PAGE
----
There’s been a recent popular Twitter thread about the history of Candyland. The connection between the game and polio makes sense when you consider that it was designed for three-to-five-year-olds who couldn’t read (but could recognize cards with colors) but were confined to a polio ward by disability, or confined to the house out of fear of the disease. In contrast, the fantasy that the game enacts is the ability to walk.
There is a common misconception that agency requires branching or choices. Agency is about being able to enact the promised fantasy. While games often require a fairly complex computational model to do this for many fantasies, complexity and branching are not strict requirements.
Agency is not simply “free will” or “being able to do anything.” It is interacting with a system that suggests possibilities through the representation of a fictional world and the presentation of a set of materials for action. “Agency Reconsidered”, Noah Wardrip-Fruin, Michael Mateas, Steven Dow, Serdar Sali
Candyland, then does exhibit agency: the fantasy that it fulfils is a straightforward walk through a more appealing world, and the affordances it offers allow the players to enact the fantasy. Tanenbaum refers to this as bounded agency and stresses that it is dependent on communicative competence: the player and the game both need to be able to communicate their intent to each other.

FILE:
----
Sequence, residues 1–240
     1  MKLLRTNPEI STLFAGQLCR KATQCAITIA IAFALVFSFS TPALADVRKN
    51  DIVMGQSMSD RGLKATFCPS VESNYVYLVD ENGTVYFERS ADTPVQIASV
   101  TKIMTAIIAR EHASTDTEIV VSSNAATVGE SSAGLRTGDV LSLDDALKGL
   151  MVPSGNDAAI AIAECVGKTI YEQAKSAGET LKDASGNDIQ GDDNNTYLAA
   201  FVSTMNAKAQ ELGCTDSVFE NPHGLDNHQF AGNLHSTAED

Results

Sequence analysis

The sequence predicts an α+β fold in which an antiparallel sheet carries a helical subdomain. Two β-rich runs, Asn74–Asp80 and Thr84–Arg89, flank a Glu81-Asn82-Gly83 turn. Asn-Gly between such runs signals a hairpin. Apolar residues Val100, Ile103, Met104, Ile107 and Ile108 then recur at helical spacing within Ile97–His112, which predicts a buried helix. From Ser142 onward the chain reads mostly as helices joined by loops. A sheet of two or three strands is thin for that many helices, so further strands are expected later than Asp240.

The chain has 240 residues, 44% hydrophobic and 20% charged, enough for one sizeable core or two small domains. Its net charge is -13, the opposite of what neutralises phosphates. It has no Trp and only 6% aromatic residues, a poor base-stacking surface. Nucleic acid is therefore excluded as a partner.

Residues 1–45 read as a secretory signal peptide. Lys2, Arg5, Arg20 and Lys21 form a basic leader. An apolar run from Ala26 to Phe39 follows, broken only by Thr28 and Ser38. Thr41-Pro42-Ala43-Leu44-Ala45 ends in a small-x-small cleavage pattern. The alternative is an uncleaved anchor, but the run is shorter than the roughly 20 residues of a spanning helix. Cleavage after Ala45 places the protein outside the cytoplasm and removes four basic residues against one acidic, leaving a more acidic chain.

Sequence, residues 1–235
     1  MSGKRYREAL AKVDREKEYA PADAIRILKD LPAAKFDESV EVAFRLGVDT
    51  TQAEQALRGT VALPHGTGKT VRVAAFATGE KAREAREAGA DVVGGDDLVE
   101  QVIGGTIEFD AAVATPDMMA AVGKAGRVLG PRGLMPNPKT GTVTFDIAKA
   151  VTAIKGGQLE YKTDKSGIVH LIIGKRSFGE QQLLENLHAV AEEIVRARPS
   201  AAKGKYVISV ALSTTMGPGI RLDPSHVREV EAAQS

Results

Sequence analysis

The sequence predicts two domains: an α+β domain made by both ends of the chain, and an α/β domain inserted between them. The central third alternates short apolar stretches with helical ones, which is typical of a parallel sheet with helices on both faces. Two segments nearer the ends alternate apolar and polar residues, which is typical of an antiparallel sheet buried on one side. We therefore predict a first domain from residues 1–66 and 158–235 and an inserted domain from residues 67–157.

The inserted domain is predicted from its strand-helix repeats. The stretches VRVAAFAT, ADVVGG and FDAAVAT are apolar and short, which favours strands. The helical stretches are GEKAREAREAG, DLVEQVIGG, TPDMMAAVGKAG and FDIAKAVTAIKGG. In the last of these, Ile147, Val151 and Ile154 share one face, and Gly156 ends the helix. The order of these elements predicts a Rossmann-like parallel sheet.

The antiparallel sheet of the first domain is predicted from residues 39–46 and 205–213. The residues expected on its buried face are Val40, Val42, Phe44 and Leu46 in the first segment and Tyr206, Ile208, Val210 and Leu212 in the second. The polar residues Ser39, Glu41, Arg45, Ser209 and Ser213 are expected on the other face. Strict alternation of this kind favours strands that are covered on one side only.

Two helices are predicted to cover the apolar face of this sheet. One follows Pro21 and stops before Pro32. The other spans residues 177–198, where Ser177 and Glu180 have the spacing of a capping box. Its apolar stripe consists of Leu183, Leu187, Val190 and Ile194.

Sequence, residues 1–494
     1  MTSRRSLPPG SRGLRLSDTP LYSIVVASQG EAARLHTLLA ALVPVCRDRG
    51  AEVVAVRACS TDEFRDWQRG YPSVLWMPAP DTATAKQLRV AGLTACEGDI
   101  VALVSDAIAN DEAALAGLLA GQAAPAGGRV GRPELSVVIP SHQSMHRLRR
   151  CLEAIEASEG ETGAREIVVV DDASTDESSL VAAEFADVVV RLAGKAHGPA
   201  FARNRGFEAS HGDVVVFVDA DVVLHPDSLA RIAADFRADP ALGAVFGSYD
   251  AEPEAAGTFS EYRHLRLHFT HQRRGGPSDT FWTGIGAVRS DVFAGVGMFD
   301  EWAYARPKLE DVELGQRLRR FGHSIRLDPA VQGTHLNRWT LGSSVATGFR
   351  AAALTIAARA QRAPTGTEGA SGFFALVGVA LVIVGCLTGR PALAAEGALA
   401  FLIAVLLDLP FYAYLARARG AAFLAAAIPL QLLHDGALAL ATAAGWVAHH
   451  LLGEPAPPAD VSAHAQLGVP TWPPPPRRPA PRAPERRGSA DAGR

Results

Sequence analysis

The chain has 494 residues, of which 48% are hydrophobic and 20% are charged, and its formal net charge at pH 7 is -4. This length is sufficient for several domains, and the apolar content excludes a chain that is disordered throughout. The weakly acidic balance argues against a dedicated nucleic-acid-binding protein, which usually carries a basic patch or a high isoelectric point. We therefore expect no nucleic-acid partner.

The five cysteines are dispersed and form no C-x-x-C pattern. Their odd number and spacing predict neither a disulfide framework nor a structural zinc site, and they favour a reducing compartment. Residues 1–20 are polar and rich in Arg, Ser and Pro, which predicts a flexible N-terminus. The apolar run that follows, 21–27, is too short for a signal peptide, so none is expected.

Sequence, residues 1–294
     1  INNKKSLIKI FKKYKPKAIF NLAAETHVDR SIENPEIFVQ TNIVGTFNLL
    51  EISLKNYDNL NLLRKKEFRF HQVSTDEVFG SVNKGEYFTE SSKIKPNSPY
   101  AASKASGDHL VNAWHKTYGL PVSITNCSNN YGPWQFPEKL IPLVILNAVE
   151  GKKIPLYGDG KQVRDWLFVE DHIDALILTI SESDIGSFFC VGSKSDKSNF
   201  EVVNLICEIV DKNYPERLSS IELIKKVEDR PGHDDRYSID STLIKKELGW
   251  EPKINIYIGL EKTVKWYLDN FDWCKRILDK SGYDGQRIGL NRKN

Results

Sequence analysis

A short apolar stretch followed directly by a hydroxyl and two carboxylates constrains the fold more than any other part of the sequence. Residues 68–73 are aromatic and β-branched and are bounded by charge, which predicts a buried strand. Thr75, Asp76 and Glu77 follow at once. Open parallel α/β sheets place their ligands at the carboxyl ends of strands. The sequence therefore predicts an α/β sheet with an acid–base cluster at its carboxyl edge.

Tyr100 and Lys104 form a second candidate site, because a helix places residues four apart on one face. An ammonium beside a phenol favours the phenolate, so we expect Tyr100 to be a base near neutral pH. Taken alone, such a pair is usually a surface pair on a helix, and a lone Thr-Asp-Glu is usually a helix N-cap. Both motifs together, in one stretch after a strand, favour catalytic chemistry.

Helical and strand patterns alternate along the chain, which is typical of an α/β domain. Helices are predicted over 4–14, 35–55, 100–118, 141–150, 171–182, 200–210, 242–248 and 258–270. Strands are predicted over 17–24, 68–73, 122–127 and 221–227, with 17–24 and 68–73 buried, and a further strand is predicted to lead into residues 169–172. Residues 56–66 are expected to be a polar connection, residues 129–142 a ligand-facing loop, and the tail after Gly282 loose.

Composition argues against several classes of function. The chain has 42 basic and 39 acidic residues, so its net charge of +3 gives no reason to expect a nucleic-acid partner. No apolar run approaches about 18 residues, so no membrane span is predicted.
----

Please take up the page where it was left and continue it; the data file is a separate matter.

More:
Which brings us back to the beginning: why do people enjoy playing roll-and-move games? They defy a ludic-centered notion of strategic play.4 But countless people have played and enjoyed them.
One way to think about this is through the lens of games descended from e-sugoroku, which Nathan Altice and Jared Pettitt have been investigating, particularly by examining how Bandai’s hundreds of Sugoroku games build on this basic model in a variety of ways. One interesting aspect of this is the inclusion of rules that go outside the strict game and pull in the social relationships and player involvement in ways that the mechanics can’t immediately “read”5.
A roll-and move game is another way to experience the fantasy the game presents. While strategy games let the player experience the fantasy of a protagonist making decisions, we can equally make games where the player experiences the fantasy as an outside author, an audience member, a performer, and so on. While a roll-and-move game doesn’t have as much detail as a novel, it can be more engaging in some ways (because the interactivity engages more of the senses).6
To tie this into the D&D thread, tabletop roleplaying games have been rediscovering the power of going outside the strict rules, on the theoretical level with concepts like Vincent Baker’s fruitful void and on a practical level with what I’ve been calling “open circuit” rules, such as The Quiet Year’s Contempt tokens. I’ve seen reviewers be confused by what the Contempt tokens are supposed to do, since they don’t seem to have a firm connection to the rest of the rules, but the point is that the players complete the circuit, running the game through the entire social context that players bring to the game. The players themselves are a part of the mechanics.